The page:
Verify that the Euler's formula is correct?

2 Answers
Jun 25, 2018

(see below)


I have taken that you really did mean "verify" which implies that there should have been a sample to verify. It is also possible that you really meant "prove"; if so re-submit this question with proper terminology.

I have also assumed that, since this was asked under the Geometry topic, you meant Euler's Formula relating Vertices, Edges, and Faces for planar figures in Euclidean space (Euler has several formulae in different areas).

Here is a sample for verification:
enter image source here
As we can see this figure (or "graph") has:
#7# Vertices;
#9# Edges; and
#4# Faces.

Euler's Formula says
and for the sample (above) since
we have verified Euler's Formula (for this example).

Jun 26, 2018

Proof by induction below:
(it is long, but not very complicated)


Before we can prove Euler's Formula for Planar Graphs it is necessary to clarify the environment. For the purpose of this discussion, a Planar Graph:

Is composed of three types of elements:

  • Vertices: points in Euclidean space which are terminal points of edges. Note that a vertex can not exist without at least one edge attached to it.
  • Edges: lines in Euclidean space each with two terminal points (which are either the same or two different vertices) and which do not intersect (touch) other edges.
  • Faces: areas of Euclidean space bounded by edges or external to any bounded space.


  • a Planar Graph must be connected; that is for any two vertices of the planar graph there must be a path composed of edges (and connecting vertices) joining the two vertices.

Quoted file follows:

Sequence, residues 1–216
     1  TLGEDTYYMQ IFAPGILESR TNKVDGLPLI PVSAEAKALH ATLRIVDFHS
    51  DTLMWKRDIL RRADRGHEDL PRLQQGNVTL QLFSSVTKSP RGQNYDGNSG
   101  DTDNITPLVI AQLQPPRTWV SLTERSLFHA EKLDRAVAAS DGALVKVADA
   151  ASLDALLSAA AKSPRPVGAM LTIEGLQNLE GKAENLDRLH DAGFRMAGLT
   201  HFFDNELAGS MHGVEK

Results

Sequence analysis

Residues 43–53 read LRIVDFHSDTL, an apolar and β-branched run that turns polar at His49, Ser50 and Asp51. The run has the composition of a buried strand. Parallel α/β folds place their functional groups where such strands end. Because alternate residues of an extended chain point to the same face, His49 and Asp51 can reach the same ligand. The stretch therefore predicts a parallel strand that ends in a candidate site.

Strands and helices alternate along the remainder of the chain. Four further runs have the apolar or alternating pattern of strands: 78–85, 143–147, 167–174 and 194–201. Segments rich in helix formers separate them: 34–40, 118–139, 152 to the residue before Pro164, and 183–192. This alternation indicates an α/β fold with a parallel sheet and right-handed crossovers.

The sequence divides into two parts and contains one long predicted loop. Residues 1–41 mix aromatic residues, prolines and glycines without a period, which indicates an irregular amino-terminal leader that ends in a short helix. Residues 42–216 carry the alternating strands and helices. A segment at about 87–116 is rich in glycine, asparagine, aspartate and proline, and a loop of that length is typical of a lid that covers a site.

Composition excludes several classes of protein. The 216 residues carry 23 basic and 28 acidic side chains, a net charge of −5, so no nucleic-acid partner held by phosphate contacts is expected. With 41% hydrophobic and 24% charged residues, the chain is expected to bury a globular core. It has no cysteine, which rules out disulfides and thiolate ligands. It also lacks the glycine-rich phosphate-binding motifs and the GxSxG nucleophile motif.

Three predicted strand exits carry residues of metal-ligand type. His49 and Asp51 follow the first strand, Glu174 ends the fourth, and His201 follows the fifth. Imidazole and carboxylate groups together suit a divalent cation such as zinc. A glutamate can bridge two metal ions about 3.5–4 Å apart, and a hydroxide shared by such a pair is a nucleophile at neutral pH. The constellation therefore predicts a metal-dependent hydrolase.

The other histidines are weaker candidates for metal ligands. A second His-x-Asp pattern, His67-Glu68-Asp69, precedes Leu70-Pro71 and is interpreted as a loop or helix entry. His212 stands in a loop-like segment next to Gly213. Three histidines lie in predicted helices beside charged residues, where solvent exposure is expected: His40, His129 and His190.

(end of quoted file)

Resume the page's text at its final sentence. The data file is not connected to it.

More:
• a Planar Graph can not be null; it must contain at least one vertex.

Common Variables:
#V#: the number of vertices in a planar graph.
#E#: the number of edges in a planar graph.
#F#: the number of faces in a planar graph.

Euler's Formula for Planar Graphs:


Based on the above:

A minimal planar graph will contain 1 vertex, 1 edge (with both ends connected to the vertex), and 2 faces: one inside the loop created by the edge looping back to the vertex and one outside that loop.

Let us suppose that Euler's Formula is true for
#color(white)("XXX")V <= n_v#, and
#color(white)("XXX")E <= n_e#, and
#color(white)("XXX")F <= n_f#

Option 1: Adding a Vertex
Consider generation of a planar graph with #n_v+1# vertices from some planar graph that satisfies Euler's Formula.

We know that prior to adding the #(n_v+1)^("st")# vertex, the prior graph must satisfy Euler's formula.

There are two possibilities:
- The new vertex is not on an existing edge. In this case a new edge must also be added (see discussion of composition above). That is if we add such a vertex, #V# will increase by #1# but so must #E# and Euler's Formula continues to be valid.
- The new vertex is on an existing edge. In this case #V# is increased by #1# but an existing edge is split into two edges, so that #E# also increases by #1# (and Euler's Formula remains valid).

Option 2: Adding an Edge Without Adding a Vertex
Again there are two possibilities:
- Both end of the new edge are connected to the same vertex. In this case we have a loop which encloses a new face within an existing face. Adding a new edge in this way increases #E# by #1# but it also increases #F# by #1# so Euler's Formula remains valid.

  • The new edge connects two different vertices. Since (see earlier comments) there must already have been a path of edges between the two vertices, adding an edge will close off an new face; increasing #E# by #1# will also increase #F# by #1# and Euler's Formula continues to be valid.

Note: there is no Option 3: Adding a Face Without Adding a Vertex or Edge.